Halloween Scare Tactics

Expert advice on tricking out your home for Halloween

Vortex
Jaisen Crockett
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Ready to upgrade your home from a stop on the trick or treat trail to a Halloween destination? Forget the pumpkin in the window, and transform your house—or maybe just your basement—into a scary holiday attraction for the entire neighborhood to enjoy. Timothy Haskell, creator of New York City's most popular haunted house—dubbed by many as the scariest in town—offers up some tricks of the trade.

Do Your Research
In order for your haunted house to be scary, it's important to know what frightens people. So, poll your neighbors. "We ask questions like 'what do you fear the most?' or 'have you had any personal paranormal experiences?'" Haskell says. Do your research; there might be a frightening legend or story about your hometown that you can use to theme your haunted house.

Haskell's Five Must-Have Haunted House Features

1. Lots of twists and turns: People always should fear what lurks around the corner.

2. Darkly lit rooms: Everything is scarier in the dark.

3. Tons of strobe lights: Everything is more distorted, and thus more menacing, when you can't get a clean look at it because the strobe lights are skewing your vision.

4. Clowns: For some reason, everyone is terrified of these guys. Stick them in a room with some twisted circus music and no one wants to go in.

5. Sensory stimulation: Don't just assault the eyes; explore ways for people to hear, smell, feel and even taste the experience. If you put someone in a dark room with the sound of scurrying rats, the smell of a damp basement, and some wiry little tails stuck to the walls at ankle length to simulate what feels like a rat, as far as they are concerned there is a rat in there with them.

Ready to upgrade your home from a stop on the trick or treat trail to a Halloween destination? Forget the pumpkin in the window, and transform your house—or maybe just your basement—into a scary holiday attraction for the entire neighborhood to enjoy. Timothy Haskell, creator of New York City's most popular haunted house—dubbed by many as the scariest in town—offers up some tricks of the trade.

Do Your Research
In order for your haunted house to be scary, it's important to know what frightens people. So, poll your neighbors. "We ask questions like 'what do you fear the most?' or 'have you had any personal paranormal experiences?'" Haskell says. Do your research; there might be a frightening legend or story about your hometown that you can use to theme your haunted house.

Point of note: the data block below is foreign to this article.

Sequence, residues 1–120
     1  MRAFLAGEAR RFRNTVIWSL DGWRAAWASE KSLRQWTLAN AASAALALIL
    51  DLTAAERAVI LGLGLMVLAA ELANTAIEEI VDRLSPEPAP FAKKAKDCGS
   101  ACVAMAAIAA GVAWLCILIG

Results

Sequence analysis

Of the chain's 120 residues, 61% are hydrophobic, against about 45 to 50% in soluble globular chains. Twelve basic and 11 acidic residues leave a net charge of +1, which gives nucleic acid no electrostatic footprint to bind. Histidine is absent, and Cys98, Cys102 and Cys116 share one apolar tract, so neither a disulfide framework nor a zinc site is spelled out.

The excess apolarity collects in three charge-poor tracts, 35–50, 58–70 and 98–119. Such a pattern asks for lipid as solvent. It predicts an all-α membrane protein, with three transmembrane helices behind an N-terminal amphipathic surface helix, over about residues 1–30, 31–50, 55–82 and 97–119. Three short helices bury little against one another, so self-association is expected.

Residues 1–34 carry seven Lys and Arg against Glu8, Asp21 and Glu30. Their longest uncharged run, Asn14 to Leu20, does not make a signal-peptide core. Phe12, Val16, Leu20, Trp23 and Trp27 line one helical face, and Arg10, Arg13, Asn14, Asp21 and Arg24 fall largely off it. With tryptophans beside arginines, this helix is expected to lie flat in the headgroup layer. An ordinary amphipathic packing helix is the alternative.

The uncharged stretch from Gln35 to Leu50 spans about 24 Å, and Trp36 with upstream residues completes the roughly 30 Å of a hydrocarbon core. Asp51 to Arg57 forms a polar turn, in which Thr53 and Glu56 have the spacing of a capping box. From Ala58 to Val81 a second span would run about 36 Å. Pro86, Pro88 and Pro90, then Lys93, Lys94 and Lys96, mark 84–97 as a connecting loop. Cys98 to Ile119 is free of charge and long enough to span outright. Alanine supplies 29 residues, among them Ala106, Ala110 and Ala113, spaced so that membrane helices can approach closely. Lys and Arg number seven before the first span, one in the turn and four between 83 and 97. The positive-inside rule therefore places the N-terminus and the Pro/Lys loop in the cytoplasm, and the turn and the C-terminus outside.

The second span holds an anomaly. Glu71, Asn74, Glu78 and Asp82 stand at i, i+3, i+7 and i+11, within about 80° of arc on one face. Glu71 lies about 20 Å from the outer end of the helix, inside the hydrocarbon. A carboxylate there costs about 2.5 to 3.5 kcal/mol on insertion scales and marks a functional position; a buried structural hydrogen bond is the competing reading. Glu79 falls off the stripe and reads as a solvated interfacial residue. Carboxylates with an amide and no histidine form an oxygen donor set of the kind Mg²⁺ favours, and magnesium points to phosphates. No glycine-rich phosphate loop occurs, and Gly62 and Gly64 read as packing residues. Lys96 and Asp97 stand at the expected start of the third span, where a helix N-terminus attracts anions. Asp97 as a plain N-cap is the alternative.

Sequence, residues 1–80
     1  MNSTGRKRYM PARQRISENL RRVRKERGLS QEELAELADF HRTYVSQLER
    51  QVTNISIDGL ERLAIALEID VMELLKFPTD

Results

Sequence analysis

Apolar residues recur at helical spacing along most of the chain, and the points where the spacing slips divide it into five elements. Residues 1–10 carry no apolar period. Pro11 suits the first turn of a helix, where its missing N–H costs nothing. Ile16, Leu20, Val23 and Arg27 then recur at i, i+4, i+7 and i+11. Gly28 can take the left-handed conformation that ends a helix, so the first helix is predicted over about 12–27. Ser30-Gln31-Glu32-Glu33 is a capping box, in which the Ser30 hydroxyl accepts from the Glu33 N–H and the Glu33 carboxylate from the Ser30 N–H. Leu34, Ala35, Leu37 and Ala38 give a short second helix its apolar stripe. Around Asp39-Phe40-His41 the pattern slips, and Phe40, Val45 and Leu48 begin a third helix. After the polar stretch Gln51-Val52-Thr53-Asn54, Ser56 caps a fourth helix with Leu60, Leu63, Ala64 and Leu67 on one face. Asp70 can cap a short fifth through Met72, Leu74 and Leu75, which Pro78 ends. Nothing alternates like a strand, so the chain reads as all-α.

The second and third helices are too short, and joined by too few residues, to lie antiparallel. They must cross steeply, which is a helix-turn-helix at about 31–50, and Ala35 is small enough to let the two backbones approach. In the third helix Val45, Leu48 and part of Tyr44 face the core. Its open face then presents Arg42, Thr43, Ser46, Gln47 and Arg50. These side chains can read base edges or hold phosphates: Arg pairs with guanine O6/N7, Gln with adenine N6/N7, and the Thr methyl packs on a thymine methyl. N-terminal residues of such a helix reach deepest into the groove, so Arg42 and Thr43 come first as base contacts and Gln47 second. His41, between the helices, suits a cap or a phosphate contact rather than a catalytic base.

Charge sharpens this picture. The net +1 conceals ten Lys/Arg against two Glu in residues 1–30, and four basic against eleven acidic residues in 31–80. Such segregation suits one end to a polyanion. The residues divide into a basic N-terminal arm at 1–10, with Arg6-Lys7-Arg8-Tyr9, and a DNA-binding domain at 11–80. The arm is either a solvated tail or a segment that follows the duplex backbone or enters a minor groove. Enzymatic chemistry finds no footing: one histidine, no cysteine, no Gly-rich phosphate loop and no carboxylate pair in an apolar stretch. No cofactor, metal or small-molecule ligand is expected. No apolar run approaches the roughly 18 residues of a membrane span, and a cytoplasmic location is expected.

Haskell's Five Must-Have Haunted House Features

1. Lots of twists and turns: People always should fear what lurks around the corner.

2. Darkly lit rooms: Everything is scarier in the dark.

3. Tons of strobe lights: Everything is more distorted, and thus more menacing, when you can't get a clean look at it because the strobe lights are skewing your vision.

4. Clowns: For some reason, everyone is terrified of these guys. Stick them in a room with some twisted circus music and no one wants to go in.

5. Sensory stimulation: Don't just assault the eyes; explore ways for people to hear, smell, feel and even taste the experience. If you put someone in a dark room with the sound of scurrying rats, the smell of a damp basement, and some wiry little tails stuck to the walls at ankle length to simulate what feels like a rat, as far as they are concerned there is a rat in there with them.

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dolls piled up in a haunted house
Photo by Jaisen Crockett
Much like clowns, dolls have a scary quality to them, especially when piled up like this.

Haskell's Easy Ideas for Special Effects

Peek-a-Boo
1. Put on an all black outfit and place yourself against a black backdrop.
2. Decorate the back of your outfit with something big and colorful that could be sitting on a table, like a flower display or place setting; make sure it covers the back of your arms as well.
3. Lie your face down on the coffee table so that it looks like table decorations.
4. When people pass by you lift up and scare them good.

Bouncing Bridge
1. Take a piece of plywood and affix plunger heads to it (suction facing down) all the way up and down the bottom of it.
2. Make this a path in your home. It becomes a squishy, wobbly easy effect.

Exterior Facelift
1. Paint your face completely black and video-tape yourself against a black background.
2. Do interesting things with your eyes and mouth.
3. Put it in a tree across the street—or ask your neighbor across the street to let you use an upstairs room and point the projector out the window.
4. Project the video onto your house, lining up your eyes with the upstairs windows and your mouth with the door. It will make it seem like your house has come to life!

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Little girl on mom's lap walking through the house
Photo by Jaisen Crockett
Eerie scenes like this can be set up as vignettes for your guests to view while walking through.

Haskell's Things to Avoid

Trip hazards. Make sure that anything that could be tripped over is either smoothed over, or protected by a ramp covering.


Fire. Certainly no open flames, but also nothing that generates a lot of heat that could also catch something else on fire.
 

Hidden exits. It might ruin your ambiance, but it is not worth it to not make exits clear and accessible.


Visit Haskell's Haunted House:
NIGHTMARE: Ghost Stories: New York's Most Horrifying Haunted House.
Added Attraction! THE MAZE
CSV Cultural Center
107 Suffolk Street (at Rivington Street), New York, NY
September 28 - November 3
Buy Tickets Online or by phone: 212.868.4444

 
 

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